Malaysia’s Pilgrimage Fund Weighs Taking Palm Oil Firm Private
(Bloomberg) -- Malaysia’s pilgrimage fund is considering taking its agricultural firm TH Plantations Bhd. private, people with knowledge of the matter said, amid a rally in palm oil prices.
Lembaga Tabung Haji has asked banks for proposals on the potential deal for the owner of palm oil and rubber plantations, one of the people said, asking not to be identified as the information is not public.
Shares in TH Plantations have risen 4% in the year to date, giving it a market value of about 526 million ringgit ($127 million). Lembaga Tabung Haji owns 73.8% of the company.
Discussions are in the early stages and the fund could decide not to proceed, the people said. A spokesperson for Lembaga Tabung Haji said there was no such plan currently being considered, and declined to comment on details of the requested proposals.
The potential privatization of the Kuala Lumpur-headquartered firm comes after palm oil prices reached an all-time high in May, triggering a flurry of deal activity among Malaysian planters.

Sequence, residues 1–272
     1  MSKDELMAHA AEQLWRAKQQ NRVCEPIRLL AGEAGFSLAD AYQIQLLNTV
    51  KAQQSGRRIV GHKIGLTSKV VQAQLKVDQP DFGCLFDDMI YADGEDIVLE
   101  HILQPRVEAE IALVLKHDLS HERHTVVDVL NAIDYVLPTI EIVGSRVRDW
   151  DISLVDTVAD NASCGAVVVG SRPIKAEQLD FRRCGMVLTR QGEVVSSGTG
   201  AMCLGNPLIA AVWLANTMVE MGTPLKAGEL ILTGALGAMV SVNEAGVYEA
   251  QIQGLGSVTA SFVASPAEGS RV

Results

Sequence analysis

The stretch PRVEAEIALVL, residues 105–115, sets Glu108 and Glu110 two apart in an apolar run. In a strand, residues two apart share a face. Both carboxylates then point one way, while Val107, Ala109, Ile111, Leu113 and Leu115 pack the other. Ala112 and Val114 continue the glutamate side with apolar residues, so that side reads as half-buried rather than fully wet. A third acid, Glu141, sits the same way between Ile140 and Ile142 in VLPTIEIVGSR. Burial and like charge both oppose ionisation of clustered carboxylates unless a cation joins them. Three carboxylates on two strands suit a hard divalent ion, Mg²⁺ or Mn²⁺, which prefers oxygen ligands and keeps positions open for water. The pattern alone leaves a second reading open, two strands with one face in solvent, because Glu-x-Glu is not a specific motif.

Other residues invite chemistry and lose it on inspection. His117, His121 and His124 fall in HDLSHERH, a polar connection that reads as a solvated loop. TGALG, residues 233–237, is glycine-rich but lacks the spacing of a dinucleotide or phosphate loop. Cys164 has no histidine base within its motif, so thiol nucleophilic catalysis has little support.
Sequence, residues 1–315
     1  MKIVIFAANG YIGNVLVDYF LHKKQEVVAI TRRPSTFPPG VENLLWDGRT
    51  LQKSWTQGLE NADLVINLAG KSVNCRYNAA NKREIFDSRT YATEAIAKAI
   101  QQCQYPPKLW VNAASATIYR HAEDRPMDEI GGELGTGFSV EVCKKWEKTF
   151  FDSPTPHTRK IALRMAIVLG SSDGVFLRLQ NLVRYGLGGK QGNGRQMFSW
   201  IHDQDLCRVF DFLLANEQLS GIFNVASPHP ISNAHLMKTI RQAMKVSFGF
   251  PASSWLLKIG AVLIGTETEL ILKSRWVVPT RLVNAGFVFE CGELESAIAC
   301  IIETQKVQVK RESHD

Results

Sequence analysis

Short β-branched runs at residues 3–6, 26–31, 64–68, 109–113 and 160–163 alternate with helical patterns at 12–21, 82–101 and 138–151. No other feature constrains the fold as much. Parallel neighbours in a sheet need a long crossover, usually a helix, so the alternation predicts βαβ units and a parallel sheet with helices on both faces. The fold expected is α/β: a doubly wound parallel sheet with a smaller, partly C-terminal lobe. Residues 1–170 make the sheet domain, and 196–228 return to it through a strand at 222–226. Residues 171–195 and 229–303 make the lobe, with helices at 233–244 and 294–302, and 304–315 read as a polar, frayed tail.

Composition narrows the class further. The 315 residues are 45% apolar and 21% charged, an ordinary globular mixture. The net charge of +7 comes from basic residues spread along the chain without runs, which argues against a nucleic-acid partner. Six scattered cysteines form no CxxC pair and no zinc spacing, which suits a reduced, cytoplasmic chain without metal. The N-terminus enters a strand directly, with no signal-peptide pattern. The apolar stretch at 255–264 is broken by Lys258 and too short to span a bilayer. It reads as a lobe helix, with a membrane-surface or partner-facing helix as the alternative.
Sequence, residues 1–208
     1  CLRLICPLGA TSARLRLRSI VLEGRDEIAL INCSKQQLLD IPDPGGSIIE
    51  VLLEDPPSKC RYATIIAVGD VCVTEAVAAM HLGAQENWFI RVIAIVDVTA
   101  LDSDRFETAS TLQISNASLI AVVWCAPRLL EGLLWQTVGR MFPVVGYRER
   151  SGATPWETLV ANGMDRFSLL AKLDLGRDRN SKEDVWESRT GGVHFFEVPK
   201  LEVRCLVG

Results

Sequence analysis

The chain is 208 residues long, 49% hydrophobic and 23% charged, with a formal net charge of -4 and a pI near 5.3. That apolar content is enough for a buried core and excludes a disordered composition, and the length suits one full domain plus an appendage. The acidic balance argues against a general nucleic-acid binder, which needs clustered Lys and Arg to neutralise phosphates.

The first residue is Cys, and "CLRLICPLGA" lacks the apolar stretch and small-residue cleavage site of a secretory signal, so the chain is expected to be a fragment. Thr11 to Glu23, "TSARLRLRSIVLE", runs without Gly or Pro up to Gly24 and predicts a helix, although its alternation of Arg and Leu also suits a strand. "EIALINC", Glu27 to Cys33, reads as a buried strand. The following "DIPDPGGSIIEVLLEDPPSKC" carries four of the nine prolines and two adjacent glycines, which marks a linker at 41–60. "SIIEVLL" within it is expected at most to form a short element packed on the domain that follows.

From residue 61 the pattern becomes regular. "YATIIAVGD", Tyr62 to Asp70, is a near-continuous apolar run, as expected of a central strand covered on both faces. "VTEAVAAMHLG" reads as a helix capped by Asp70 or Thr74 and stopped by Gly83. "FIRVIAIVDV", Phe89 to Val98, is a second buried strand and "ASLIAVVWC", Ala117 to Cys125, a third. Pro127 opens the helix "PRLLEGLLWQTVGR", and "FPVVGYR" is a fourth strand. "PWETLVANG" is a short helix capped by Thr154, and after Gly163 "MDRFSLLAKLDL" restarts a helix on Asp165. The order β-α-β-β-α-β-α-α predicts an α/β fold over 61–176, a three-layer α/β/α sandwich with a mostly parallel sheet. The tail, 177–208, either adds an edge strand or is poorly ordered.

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Palm prices are expected to remain high due to lower production of palm oil and other oils, planters Sime Darby Plantation Bhd. and FGV Holdings Bhd. said this month following the release of their latest quarterly earnings. The challenges of meeting environmental, social and governance requirements around issues such as sustainability and labor rights are contributing to consolidation in the sector, according to analysts.
Lembaga Tabung Haji was set up in 1963 to offer Sharia-compliant financial services for Islamic savers planning to make the hajj pilgrimage to Mecca, Saudi Arabia. The state-owned fund, which also offers logistical assistance for pilgrims, has about 9 million depositors and 123 branches, according to its website.
The Malaysian government in July announced plans to improve the fund’s management and operations, including a move to list it as a prescribed Islamic financial institution.
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